Preaching and the heart  
How, then, do we preach in such a way that we inject God's word into our people's hearts? I believe that the solution again is found as we consider the nature of scripture.
Scripture is not written to solely convey doctrinal truth. Any individual passage does convey doctrinal truth, but it does so with intent. For example, 1 Corinthians 1 provides doctrinal teaching on the centrality of the cross with the intent of urging the Corinthians to shun divisions over party politics.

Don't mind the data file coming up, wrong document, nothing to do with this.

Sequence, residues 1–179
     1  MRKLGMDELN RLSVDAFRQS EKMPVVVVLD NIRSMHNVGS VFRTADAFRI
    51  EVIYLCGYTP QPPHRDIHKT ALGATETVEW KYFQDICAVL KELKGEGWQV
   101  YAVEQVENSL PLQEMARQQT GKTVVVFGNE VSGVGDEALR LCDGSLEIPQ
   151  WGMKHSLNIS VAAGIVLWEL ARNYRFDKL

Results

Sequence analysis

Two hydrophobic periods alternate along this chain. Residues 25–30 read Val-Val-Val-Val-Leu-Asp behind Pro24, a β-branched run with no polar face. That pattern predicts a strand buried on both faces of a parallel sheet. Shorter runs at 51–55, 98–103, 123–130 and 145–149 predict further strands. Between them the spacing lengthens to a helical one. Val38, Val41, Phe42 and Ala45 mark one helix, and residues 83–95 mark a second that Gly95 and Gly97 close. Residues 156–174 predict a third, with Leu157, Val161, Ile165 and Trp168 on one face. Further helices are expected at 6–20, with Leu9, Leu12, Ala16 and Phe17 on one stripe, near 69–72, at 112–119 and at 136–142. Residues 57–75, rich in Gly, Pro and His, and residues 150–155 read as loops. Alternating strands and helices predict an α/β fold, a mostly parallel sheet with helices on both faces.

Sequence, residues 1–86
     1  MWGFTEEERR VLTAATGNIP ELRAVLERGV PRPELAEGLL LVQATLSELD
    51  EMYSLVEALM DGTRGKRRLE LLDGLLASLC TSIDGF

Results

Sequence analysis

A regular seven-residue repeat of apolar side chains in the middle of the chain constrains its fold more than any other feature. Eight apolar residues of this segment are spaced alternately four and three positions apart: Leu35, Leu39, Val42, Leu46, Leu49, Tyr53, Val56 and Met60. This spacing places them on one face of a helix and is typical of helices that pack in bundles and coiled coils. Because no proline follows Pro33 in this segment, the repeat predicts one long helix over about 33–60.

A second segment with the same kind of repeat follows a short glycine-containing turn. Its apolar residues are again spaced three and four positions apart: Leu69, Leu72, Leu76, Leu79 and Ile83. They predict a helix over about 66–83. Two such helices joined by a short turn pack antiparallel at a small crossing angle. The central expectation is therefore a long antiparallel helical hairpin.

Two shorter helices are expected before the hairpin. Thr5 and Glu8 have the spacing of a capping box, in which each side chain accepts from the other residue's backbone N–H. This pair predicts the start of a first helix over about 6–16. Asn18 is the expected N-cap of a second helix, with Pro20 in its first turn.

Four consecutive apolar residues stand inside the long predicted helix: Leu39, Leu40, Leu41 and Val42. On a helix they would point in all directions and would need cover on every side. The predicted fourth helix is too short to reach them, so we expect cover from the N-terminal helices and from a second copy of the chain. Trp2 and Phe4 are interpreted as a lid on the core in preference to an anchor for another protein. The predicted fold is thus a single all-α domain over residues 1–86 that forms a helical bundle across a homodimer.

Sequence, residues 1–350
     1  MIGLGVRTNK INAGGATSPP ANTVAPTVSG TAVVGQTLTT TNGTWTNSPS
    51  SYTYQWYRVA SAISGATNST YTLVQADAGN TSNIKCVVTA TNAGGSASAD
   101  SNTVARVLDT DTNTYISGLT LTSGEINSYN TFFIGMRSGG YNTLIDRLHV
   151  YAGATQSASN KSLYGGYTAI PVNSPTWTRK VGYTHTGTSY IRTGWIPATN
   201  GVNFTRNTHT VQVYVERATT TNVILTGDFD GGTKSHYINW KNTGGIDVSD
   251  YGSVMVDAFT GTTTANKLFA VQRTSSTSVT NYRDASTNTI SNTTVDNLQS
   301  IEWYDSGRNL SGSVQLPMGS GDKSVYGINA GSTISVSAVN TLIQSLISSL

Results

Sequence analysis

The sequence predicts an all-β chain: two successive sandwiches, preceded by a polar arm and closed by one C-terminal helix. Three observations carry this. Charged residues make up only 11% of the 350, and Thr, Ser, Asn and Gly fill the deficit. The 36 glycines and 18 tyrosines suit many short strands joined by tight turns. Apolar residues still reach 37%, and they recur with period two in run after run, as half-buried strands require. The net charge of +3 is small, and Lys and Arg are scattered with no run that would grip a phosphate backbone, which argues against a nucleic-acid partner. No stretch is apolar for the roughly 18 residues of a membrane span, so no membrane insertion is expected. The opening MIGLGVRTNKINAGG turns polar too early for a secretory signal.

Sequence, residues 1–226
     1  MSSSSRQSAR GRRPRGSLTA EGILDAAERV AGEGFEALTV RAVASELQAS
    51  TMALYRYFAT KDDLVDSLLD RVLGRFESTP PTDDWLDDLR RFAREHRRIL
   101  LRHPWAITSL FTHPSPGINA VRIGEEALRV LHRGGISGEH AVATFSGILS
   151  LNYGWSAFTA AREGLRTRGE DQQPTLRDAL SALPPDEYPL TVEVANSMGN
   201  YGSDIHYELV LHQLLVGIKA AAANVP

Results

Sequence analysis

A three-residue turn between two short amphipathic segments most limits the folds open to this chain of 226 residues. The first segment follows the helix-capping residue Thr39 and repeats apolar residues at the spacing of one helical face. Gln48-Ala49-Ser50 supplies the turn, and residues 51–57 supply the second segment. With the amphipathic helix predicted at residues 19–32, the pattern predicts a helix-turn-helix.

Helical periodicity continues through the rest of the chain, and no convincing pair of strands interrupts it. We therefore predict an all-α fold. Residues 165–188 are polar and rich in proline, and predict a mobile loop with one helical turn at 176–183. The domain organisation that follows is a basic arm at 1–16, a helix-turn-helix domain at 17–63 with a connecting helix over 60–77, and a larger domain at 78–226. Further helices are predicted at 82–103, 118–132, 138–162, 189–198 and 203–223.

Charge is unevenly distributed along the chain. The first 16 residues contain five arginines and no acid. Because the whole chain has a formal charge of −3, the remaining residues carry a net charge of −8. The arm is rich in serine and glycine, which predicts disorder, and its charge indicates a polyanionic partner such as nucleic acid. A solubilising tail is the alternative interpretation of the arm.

In our preaching we might be tempted to distil the doctrine out from the 'divine intent' of any given passage; but the 'intent' of a passage is often where the rubber of the doctrine hits the road of our hearts. When we separate out the doctrine from the intent of a passage of scripture we are minimizing its effect on our people's hearts, and doing a disservice to scripture itself. 7
One additional benefit of this approach is that it gives us license to use our rhetorical skills in a non-manipulative way. We can use any of the skills at our disposal as long as they bring the "divine intent" to bear on our congregation. This authorizes a wide variety of sermon styles and we are at liberty to choose the one which best targets the hearts of our congregation.